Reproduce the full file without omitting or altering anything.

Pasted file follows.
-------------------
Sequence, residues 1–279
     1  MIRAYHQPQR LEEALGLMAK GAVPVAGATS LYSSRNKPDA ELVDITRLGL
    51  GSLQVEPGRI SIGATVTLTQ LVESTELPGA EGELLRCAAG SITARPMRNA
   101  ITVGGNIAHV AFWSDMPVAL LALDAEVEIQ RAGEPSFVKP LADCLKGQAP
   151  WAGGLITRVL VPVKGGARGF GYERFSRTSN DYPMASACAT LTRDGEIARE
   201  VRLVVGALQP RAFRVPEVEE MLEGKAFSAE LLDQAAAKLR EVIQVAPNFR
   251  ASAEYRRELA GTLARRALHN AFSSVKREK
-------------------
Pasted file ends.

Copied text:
Sequence, residues 1–279
     1  MIRAYHQPQR LEEALGLMAK GAVPVAGATS LYSSRNKPDA ELVDITRLGL
    51  GSLQVEPGRI SIGATVTLTQ LVESTELPGA EGELLRCAAG SITARPMRNA
   101  ITVGGNIAHV AFWSDMPVAL LALDAEVEIQ RAGEPSFVKP LADCLKGQAP
   151  WAGGLITRVL VPVKGGARGF GYERFSRTSN DYPMASACAT LTRDGEIARE
   201  VRLVVGALQP RAFRVPEVEE MLEGKAFSAE LLDQAAAKLR EVIQVAPNFR
   251  ASAEYRRELA GTLARRALHN AFSSVKREK